Open letter to the city regarding RAISE Grant and pedestrian bridge alternatives

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O P I N I O N

THE SOAPBOX

Stand up. Speak up. It’s your turn.


Manchester Moves is grateful for the City’s pursuit of federal grant money to improve the City’s road and transportation infrastructure. This is evidenced by our letter of recommendation for the RAISE grant in June of 2021. Congratulations to you and your team for doing the hard work to win this competitive grant after two unsuccessful attempts. We are writing to you today on behalf of Manchester Moves to formally share our concerns about the initial design along with thoughtful and practical alternatives. 

The plans that were presented publicly on December 7, 2022 by the City’s consultant, Fuss & O’Neill look like they will result in less traffic congestion and more fluid movement of automobiles. More vehicular traffic, moving faster, on South Elm Street isn’t good news if you get through the zone on foot or bicycle. As a result of the anticipated increases in volume and speeds of trucks, buses, and automobiles, we think it’s extremely important to safely address the needs of people of all ages and abilities who move around without the aid of an automobile.

While historically, the Queen City has been a “car city,” the City’s updated 2020 Master Plan codifies its collective desire to be more easily accessed through alternative transportation (trains, bikers, walkers, wheelchairs, and scooters). There’s agreement that if our city becomes more bike/pedestrian friendly, people can live here without owning an automobile. Rail Trails are the preferred and safest way for these populations to move around because of the physical barriers between them and vehicles.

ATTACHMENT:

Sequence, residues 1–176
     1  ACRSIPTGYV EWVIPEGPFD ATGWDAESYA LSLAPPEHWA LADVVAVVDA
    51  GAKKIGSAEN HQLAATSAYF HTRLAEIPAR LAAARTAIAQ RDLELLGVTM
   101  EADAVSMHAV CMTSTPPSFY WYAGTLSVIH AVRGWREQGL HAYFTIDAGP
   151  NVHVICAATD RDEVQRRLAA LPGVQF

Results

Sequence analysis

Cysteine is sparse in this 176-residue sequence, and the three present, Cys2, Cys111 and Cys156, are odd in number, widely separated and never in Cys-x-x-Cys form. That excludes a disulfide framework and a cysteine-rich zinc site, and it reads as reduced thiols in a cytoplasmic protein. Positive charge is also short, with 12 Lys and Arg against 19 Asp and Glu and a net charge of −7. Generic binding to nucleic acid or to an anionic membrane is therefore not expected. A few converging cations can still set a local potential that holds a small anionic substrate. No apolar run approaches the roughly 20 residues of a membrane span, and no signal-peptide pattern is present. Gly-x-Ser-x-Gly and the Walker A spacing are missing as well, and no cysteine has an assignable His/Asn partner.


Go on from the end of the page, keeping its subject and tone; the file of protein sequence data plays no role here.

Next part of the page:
Fortunately, the City already has eight miles of Rail Trails and is positioned to become the Rail Trail hub of Northern New England. After 15 years and over $10M in federal and city investment, our rail trails are nearly connected. However, we are concerned that the current plans inadequately address the final last-mile connections to the South Manchester Rail Trail, Piscataquog Rail Trail, and the Rockingham Rail Trail.

Starting this month, the City is breaking ground on two additional miles of the South Manchester Rail Trail (Perimeter Road to Gold Street) and includes the rehabilitation of the Cohas Brook Trestle. Another planned multi-use path will link up the nearly completed Londonderry, Derry, Windham, and Salem rail trails. The towns to our South are eager to use a nearly completed rail trail that is 100 percent removed from vehicular traffic. This is especially exciting for families with children who love riding bikes but could never safely consider riding into the City of Manchester adjacent vehicles while separated by painted lines. 

The City’s consultant represents that the current plan is for everyone and has appropriately checked the “rail trail” box by committing to develop the abandoned half-mile section of trail adjacent South Willow St. and Elm Street and creating a five- or six-foot multi-use path adjacent the new auto road down Gas Street to the ballpark. The half-mile of rail trail could be completed with less than $100K in private funds. This is evidenced by the $50,000 our organization used to remove growth and trash in 2021.